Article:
Why Your Vision is Blurry
By Sara Butler
Blurry vision is a common problem and it’s usually nothing you need to be worried about. It may simply be a sign that you need to see the eye doctor to get a new prescription. Sometimes blurry vision can be a signal of a much more serious problem. That’s why you always need to get to the bottom of your blurry vision. Here are a few things that could be causing it and what you should do.
You Need Glasses
As mentioned, blurry eyesight is often caused by the need for glasses or a new glasses prescription. Nearsightedness, farsightedness, and astigmatism very common, causing light to enter your eye through your lens in a way that prevents it from focusing on the retina, where signals are sent from your eye to your brain to create sight. These issues are easy to fix and in most cases, you simply need glasses or contacts to see sharp again.
It’s Time for Reading Glasses
This one can be difficult to admit, but if you’re having trouble focusing up close when reading or doing other near tasks, it may be because it’s time for reading glasses. As you age, the muscles in your eyes that help you focus don’t work as well as they used to. This results in problems seeing up close and can easily be corrected with glasses. It usually happens to people near or over 40. If this sounds familiar, don’t fight it – go get some glasses!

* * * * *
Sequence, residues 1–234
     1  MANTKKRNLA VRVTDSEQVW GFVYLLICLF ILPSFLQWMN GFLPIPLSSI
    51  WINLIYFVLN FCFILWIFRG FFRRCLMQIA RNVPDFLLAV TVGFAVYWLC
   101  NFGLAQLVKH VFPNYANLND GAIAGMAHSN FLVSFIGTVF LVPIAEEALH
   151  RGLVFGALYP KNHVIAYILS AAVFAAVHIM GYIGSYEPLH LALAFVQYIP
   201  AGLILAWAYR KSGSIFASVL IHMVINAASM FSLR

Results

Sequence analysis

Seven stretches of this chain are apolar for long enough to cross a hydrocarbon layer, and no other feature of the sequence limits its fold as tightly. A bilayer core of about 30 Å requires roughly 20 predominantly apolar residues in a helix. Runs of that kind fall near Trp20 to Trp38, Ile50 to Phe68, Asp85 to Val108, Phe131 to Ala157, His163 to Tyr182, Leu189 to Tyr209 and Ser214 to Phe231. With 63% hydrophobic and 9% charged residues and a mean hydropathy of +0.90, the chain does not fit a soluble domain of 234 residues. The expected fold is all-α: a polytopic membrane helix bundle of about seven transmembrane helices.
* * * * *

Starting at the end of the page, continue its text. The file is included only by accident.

You Have Pink Eye
Pink eye is caused by the same virus that causes the common cold. It’s not usually serious but can be very easy to catch, especially for school-age kids. It can go away without treatment in one to two weeks, but if your symptoms are severe then you need to seek medical attention, since you may need medication to help clear it up. Itchiness, swelling, and eye irritation can be soothed with cool and warm compresses.
Just makes sure to wash your sheets and pillowcases if you come down with pink eye and also wash your hands often to prevent spreading it.
Cataracts are associated with aging and about half of Americans will have them by the time they turn 75. The lens in the eye becomes thickened with age, causing vision to become blurry as light is prevented from reaching the retina.
Blurry vision may be the only symptom you have, but chances are your optometrist or ophthalmologist will see the signs of cataracts before you do. Just keep up with your regular vision checks as you age to keep on top of the issue.
Blurry vision shouldn't be ignored, so make sure to see an eye doctor if your vision is giving you problems!
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